The Freaky Magic of Soap Lake
I Don't Know About the Healing Powers, But the Characters You Meet in This Eastern Washington Dive-Town Are Out of This World By Kelly O
All photos by Kelly O
Once a year, every summer, I make a three-hour pilgrimage to Soap Lake. Every time, I am surprised and relieved that neither a Starbucks nor an Ace Hotel has suddenly popped up at the edge of Eastern Washington's most magical swimming hole.
Soap Lake is the name of both the tiny town and the freaky lake at the center of it. Local Native American tribes like the Colville reportedly sent their sick and injured to soak in what they called the "Smokiam," or healing waters. In the early 1900s, Soap Lake was home to a large sanatorium (the health resort variety), where hundreds of people with all sorts of ailments piled into the legendary "miraculous" mineral waters.
Today, it's a lot less crowded. Some people, non–miracle believers, refuse to swim there. Because of its unusually high mineral content, it feels like you're floating around in a lukewarm bathtub that has a little too much Johnson's Baby Oil in it. It makes your skin feel slick and slimy. Tiny bugs buzz around near the shore, where the water often deposits a bizarre foam, not unlike shampoo. The black mud that people pull from the bottom of the lake—to rub all over their bodies in hopes of soothing aches and pains—is so sulfurous, it smells like the worst Easter-egg fart you've ever farted. To be fair, the mud doesn't smell once it dries, once you've cooked yourself under it in the 90-, sometimes 100-degree desert heat.
Does it really heal? Locals roll their eyes, but the huge population of Russian immigrants who have taken over Soap Lake's western beach will tell you different. "You're doing eeet wrong!" a grandmotherly woman wearing a flowery bathing suit and a bright orange babushka once told me. "Rub eeet like deese." She then flashed me a huge smile, revealing a mouth full of gold teeth, not unlike a grill a tough-as-shit NYC rapper would wear. After full-body mud-masking, it's best to return the mud back to the lake by washing it off with a swim. And everybody, and I mean everybody, uses the open-air beach shower afterward. There is definitely something in the water—a lot of somethings. Some people don't trust it. Some prefer the colder, clearer waters of the other nearby canyon lakes, north of Soap Lake and just south of the Coulee Dam.
What's lacking at the other lakes, though, is Soap Lake, the town... and its townies. I've met so many unforgettable people in Soap Lake. Like Sandy. I met Sandy around closing time at Del-Red Pub, home of the pizza-taco, which is only a hop, skip, and jump away from the lake's shore. Sandy had an impressive sunburn and a pair of the shortest blue-jean cutoffs I've ever seen on a straight man. Because he was laughing so loud while knocking back shots, I introduced myself and asked him if he'd be in my column, Drunk of the Week (see also, Sarah). Instead of answering the question, he invited my friends and me over to his trailer park so we could drink some more. When we declined, he sweetened the deal by saying we could take off all our clothes and run through his lawn sprinkler. Then he dropped his cutoffs and told us, standing in only baby-blue bikini briefs, "Hey, if my dick don't work, my tongue do!"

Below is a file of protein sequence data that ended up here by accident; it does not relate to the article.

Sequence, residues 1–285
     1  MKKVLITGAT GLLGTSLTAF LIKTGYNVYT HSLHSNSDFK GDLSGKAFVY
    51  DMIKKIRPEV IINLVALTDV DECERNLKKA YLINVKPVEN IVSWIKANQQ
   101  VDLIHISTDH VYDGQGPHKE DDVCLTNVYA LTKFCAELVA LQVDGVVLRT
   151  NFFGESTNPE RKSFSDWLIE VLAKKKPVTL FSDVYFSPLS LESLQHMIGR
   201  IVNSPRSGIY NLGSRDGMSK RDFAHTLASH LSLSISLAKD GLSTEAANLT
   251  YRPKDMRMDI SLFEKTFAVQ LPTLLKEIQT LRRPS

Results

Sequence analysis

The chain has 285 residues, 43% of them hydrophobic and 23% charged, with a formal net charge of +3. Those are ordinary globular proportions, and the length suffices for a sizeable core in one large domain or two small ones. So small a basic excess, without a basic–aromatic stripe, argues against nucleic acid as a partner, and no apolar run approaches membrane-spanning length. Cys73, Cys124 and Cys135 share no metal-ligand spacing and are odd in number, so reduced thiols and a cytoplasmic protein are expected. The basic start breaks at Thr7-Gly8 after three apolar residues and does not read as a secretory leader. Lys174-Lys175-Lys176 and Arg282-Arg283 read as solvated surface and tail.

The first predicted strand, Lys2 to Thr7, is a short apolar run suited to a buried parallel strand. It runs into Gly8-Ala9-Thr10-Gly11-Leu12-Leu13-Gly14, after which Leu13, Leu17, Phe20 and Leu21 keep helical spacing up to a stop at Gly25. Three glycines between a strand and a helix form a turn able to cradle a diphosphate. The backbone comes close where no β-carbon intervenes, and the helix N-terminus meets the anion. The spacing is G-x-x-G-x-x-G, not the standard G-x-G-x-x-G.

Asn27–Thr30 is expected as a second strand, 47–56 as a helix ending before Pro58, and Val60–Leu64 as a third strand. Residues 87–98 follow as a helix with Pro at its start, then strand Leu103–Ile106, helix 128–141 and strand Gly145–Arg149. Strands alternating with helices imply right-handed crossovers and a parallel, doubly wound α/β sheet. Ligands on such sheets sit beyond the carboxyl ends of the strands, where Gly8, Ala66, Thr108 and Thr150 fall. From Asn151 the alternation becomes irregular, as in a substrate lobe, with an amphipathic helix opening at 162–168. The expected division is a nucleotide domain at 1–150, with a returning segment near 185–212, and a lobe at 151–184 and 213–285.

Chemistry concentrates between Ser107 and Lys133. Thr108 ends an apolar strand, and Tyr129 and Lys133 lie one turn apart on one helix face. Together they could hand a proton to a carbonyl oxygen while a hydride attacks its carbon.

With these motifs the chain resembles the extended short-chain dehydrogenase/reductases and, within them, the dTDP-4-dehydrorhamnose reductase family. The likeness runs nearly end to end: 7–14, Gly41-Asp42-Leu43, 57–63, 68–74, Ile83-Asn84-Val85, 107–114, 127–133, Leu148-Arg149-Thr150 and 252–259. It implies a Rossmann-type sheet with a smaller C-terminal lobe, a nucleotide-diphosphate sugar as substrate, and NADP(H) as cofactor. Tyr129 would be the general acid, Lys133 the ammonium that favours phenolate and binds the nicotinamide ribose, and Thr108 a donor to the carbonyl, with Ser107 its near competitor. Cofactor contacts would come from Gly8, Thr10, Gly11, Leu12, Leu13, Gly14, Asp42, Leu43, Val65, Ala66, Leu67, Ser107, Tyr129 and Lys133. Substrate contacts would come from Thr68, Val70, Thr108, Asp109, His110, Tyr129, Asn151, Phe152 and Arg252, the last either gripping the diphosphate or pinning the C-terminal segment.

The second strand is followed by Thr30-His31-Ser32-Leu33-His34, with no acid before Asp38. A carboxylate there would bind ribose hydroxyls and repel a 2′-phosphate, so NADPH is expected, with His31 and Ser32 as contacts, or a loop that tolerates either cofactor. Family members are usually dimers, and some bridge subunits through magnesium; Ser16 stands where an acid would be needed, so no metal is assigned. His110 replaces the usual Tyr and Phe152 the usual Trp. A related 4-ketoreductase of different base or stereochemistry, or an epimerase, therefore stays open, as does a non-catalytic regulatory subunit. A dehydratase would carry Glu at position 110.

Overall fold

Another Soap Lake fun fact: Seattle drag performer Jackie Hell grew up here, perfecting her craft as a bored teenager.
Also, every summer, motorcycle clubs host rallies in Soap Lake. They flip off the stuffed dummy that sits in an old police cruiser at the edge of town—whose job it is to trick people into driving slower—and roar through town, sounding louder than God. One year, the "Hell Riders" brought a Wall of Death and plopped it down in the park next to the lake. A Wall of Death is an old circus sideshow stunt. It's essentially a large wooden barrel with a platform at the top where spectators can watch motorcycle daredevils get their bikes up to speeds so fast they defy gravity, riding the walls at 90-degree angles. The pro riders ride all the way up to the top, close enough to the platform that a person can reach over the edge and hand them dollar bills. Dozens of bikers tent-camp in the park and party pretty much all night. I once saw a guy perform a 2 a.m. knife-throwing show—thank-fucking-God not hitting the fearless woman who stood calmly against a circular wooden wall. I also once saw somebody's ol' lady, a biker mama, belly dance topless, balancing two lit cigarettes on each of her nipples. Watching both of these scenes made my hands sweat a little.
Soap Lake's tourist website reads: "Some day, Soap Lake will be discovered by the rich and famous. They'll build a fabulous resort and take advantage of this absolutely one-of-a-kind mineral lake." Then it states, "If you're aren't rich or famous, visit soon, before the price goes up." I personally hope they never, ever build such a resort (or the "World's Largest Lava Lamp," a tourist attraction they've been trying to finance since 2004). There's nothing wrong with sleeping in a tent. And I purposely didn't tell you about the lovely Notaras Lodge, or the Inn at Soap Lake, or any of the other cute little hotels that offer spa treatments, yoga, and reasonably priced massage. Or all the weird flea markets, the shabby-chic antique stores, or the little European deli called Mama's that sells Russian groceries and delicious smoked fish. Soap Lake, the Smokiam, is still for the people. All the people. Including the ones who can balance lit cigarettes on their tits.
"The Smokiam" (with cucumber eyes), painted on local grocery store John's Foods.
Believe in the miracle mud.
Sunscreen, no sunscreen.
Louder than God, plus sidekick.
Daytime knife throwing.
A class of death and glory warriors.
Getting horizontal inside the Wall of Death.
"If my dick don't work, my tongue do! —"Soap Lake Sandy".